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I have a whole bunch of public git repositories online, licensed under MIT, and I'm wondering what options are there to restrict open source software use for AI model training with a commercial intent. I know that MIT license permits commercial use and doesn't include any statements about AI training specifically. Are there any modern licenses that do take this sort of thing into consideration? Can a separate notice file stating extra restrictions be as sufficient in legal terms? Do these type of legal restrictions actually hold up in court?

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    Such a license would not be an open source license, as defined by the OSI. Specifically, it would violate the 6th criteria, which states that an open-source license "must not restrict anyone from making use of the program in a specific field of endeavor". Whether or not such a pre-made and vetted license for this purpose exists is a valid question, it would not be considered an open source license. Commented May 2 at 14:56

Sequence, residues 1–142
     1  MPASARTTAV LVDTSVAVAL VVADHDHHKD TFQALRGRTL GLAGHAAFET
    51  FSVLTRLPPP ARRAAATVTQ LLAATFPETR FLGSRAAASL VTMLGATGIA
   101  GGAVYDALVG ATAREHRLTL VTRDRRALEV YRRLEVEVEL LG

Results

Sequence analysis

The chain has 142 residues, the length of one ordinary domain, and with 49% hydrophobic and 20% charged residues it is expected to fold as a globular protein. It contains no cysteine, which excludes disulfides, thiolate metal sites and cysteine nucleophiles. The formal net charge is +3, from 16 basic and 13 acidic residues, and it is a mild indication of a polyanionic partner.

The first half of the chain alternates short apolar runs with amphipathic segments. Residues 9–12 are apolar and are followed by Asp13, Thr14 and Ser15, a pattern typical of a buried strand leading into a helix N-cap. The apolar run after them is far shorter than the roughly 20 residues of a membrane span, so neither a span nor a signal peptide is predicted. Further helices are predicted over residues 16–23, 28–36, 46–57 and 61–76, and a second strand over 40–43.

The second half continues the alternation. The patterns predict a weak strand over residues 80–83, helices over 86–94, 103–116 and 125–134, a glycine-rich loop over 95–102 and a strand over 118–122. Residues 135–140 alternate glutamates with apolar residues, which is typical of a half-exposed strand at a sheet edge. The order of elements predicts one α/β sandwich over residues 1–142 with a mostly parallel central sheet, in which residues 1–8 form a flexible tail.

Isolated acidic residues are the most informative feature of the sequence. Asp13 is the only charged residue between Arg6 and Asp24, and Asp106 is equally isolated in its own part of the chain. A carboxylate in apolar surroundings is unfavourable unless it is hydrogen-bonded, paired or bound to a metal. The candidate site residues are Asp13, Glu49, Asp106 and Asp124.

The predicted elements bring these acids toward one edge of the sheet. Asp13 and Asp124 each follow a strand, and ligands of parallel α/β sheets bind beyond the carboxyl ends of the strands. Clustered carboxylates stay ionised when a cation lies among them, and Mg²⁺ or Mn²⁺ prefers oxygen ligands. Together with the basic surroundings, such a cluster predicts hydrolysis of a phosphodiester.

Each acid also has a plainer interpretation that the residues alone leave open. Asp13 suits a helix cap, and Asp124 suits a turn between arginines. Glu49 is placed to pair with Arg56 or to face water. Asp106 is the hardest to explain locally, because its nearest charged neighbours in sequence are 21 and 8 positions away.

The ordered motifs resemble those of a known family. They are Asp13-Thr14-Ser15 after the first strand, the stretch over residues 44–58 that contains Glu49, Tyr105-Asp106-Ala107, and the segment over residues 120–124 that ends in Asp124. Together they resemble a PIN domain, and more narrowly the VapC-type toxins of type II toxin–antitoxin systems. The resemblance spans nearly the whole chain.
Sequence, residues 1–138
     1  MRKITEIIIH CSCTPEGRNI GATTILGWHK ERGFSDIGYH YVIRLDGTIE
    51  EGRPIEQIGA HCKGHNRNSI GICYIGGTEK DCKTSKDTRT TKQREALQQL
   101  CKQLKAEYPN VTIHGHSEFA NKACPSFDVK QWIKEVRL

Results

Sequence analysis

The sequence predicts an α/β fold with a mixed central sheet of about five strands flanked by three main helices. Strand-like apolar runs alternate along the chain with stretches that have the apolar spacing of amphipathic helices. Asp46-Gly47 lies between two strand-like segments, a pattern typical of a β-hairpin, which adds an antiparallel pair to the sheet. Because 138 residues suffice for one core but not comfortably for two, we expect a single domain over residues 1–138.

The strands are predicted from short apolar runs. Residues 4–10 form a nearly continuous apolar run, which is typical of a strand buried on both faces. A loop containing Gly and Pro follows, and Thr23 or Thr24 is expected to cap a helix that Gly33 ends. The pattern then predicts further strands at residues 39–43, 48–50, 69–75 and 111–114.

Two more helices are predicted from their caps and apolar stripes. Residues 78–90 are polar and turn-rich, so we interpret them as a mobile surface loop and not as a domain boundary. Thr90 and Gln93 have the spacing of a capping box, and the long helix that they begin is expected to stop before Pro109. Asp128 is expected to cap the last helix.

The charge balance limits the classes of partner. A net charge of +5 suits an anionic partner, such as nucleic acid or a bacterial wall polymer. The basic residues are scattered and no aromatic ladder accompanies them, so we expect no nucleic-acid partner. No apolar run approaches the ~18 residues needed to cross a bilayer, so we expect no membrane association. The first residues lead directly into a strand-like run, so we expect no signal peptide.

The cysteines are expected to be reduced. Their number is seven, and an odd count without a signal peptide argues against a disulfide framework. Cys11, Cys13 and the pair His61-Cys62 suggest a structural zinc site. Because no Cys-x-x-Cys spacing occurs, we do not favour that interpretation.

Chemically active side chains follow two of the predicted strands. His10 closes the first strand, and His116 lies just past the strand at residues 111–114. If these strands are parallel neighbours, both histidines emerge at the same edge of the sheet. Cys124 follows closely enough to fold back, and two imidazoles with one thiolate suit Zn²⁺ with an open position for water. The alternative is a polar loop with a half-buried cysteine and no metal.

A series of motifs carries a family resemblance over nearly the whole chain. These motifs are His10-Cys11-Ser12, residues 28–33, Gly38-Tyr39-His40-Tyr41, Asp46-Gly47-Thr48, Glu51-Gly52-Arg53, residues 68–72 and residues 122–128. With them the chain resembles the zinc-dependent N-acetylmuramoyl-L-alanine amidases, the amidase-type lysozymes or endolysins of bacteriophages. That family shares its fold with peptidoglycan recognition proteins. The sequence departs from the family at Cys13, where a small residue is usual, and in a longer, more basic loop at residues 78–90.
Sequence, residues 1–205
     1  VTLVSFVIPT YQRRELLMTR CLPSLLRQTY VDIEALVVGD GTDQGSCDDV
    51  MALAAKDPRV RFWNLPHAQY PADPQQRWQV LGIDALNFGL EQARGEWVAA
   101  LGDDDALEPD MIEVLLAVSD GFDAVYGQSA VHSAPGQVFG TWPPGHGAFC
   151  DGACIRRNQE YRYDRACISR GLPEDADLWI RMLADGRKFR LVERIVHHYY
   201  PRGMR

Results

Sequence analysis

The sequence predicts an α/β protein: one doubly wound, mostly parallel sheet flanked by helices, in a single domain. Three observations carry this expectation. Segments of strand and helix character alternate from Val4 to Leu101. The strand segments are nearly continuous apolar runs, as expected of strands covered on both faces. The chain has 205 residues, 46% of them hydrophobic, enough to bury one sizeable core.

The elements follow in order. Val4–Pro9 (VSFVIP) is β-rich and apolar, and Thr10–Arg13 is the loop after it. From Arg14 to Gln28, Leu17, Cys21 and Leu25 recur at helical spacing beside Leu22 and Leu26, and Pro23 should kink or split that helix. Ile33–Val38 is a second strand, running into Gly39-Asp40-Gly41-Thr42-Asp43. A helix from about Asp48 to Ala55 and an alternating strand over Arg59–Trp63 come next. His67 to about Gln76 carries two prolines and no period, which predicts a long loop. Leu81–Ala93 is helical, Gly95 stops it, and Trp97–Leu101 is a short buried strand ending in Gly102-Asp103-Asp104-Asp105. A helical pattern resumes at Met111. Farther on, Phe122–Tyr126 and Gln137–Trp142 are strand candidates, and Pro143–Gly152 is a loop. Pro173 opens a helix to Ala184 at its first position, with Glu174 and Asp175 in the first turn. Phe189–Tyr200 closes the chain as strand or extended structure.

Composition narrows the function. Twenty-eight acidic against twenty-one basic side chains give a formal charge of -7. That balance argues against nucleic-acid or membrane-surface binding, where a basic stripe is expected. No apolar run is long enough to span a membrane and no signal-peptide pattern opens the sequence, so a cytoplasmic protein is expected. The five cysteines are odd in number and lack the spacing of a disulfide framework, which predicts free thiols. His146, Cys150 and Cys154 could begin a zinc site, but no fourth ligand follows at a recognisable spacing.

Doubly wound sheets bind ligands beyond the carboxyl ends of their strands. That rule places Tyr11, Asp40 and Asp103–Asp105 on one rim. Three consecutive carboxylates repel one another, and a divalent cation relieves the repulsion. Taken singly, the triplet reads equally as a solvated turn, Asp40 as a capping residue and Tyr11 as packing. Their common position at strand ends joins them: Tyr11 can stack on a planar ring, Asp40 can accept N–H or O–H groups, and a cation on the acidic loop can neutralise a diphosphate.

• A better place for this question would be Open Source.
    – Barmar
    Commented May 2 at 16:12
  • I think AI model training is too new for there to be any precedents set in court.
    – Barmar
    Commented May 2 at 16:13
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    @Barmar: As Thomas Owens stated right above you, such a license would not be open source, and so this would be off-topic on OpenSource.SE.
    – jwodder
    Commented May 2 at 23:43
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    Note that a large chunk of people think that AI training is (under US law) considered to be Fair Use, so under that framework it doesn't matter what license you (try) to use, they can train on it anyways. Commented May 3 at 15:56

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